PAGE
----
Trump Supports Total Abortion Bans But Says They Should Have Exceptions
A wave of laws designed to ban or seriously restrict abortion at the state level has made reproductive rights a central issue in the 2020 election. President Donald Trump weighed in on the issue Sunday, days after a number of Democratic presidential candidates released comprehensive abortion policies. While identifying himself as "strongly Pro-Life," Trump appeared to suggest that Alabama's restrictive abortion ban went too far, noting that he supported exceptions for rape and incest.
"I am strongly Pro-Life, with the three exceptions - Rape, Incest and protecting the Life of the mother," Trump tweeted, adding that his position on abortion was the same as Ronald Reagan's.
The Human Life Protection Act recently signed into law in Alabama defines abortion and attempted abortion at any stage of gestation as felony offenses with no exceptions for rape or incest. Instead the law allows only for exceptions in cases where the pregnant patient's life is at risk.
However, despite his apparent disagreement with certain provisions of the Alabama abortion law, Trump urged Republicans to stand "united" on the issue of abortion, arguing that any division would roll back the gains anti-choice legislators had won. "We have come very far in the last two years with 105 wonderful new Federal Judges (many more to come), two great new Supreme Court Justices, the Mexico City Policy, and a whole new & positive attitude about the Right to Life," Trump tweeted. "We must stick together and Win for Life in 2020. If we are foolish and do not stay UNITED as one, all of our hard fought gains for Life can, and will, rapidly disappear!"
On Sunday, without citing any specific examples or evidence, the president claimed the left was "imploding" over the issue of abortion rights.
However, despite the president's claim, it's been Republicans that appear to be divided over abortion policy. Since Alabama's near-total abortion ban was signed into law last week, a number of them have spoken out against it, including Republican National Committee Chairwoman Ronna McDaniel. In an interview with CNN, McDaniel said she "personally ... would have the exceptions" in abortion legislation. Republican Sens. Susan Collins and Lisa Murkowski have also come out against the law's lack of exceptions for rape and incest.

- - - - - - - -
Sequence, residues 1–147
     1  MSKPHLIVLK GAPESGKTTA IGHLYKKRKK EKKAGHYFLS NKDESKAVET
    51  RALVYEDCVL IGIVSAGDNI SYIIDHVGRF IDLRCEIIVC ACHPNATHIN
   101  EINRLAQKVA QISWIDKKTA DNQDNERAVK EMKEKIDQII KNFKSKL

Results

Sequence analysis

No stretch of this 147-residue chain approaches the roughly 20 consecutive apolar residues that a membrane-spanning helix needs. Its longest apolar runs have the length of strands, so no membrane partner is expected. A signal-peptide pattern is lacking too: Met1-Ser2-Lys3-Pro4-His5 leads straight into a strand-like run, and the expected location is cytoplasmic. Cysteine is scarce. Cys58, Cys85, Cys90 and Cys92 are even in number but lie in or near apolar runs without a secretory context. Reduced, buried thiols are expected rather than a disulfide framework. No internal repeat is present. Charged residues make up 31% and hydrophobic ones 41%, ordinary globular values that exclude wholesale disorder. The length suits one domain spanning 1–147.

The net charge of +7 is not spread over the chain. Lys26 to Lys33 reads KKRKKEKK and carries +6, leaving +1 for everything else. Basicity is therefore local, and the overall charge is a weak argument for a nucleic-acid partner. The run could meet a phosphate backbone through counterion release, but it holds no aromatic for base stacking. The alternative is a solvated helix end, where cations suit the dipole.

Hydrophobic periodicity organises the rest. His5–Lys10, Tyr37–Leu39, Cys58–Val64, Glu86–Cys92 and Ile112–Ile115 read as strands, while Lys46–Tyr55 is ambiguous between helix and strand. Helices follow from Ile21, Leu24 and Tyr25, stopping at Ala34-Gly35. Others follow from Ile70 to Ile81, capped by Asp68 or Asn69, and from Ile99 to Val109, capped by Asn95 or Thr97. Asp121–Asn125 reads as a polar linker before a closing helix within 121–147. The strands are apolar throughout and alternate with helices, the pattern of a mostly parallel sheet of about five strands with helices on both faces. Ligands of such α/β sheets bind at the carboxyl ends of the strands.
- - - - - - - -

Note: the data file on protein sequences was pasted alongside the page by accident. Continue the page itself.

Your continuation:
In an interview with CNN last week, Collins called Alabama's abortion ban "a terrible law" and characterized it as "very extreme." In a separate interview with The Hill, Collins clarified that she was "very much opposed to the Alabama law." What's more she argued that the law would "lead to a virtual ban on abortions in Alabama, even for victims of incest and rape."
According to The Hill, Murkowski also told reporters that she disagreed with Alabama state legislators' decision to block Democrats' attempts to add exceptions for rape and incest to the law. "I believe that there need to be exceptions," The Hill reported Murkowski told reporters while heading into the Senate.
In comments reported by The Washington Post, House Minority Leader Kevin McCarthy described Alabama's Human Life Protection Act as having gone "further" than what he believes. "I believe in exceptions for rape, incest and life of the mother, and that's what I've voted on," the paper reported he said.
In a statement released to the paper via a spokesperson, Senate Majority Leader Mitch McConnell also appeared to voice some opposition to the extremity of Alabama's abortion law. "Leader McConnell's record has been clear for decades on this issue," The Washington Post reported McConnell's spokesperson said. "He opposes abortion except in the instance of rape, incest, or the life of the mother in is danger."
Trump has previously vowed to appoint anti-choice Supreme Court justices in an effort to overturn Roe v. Wade.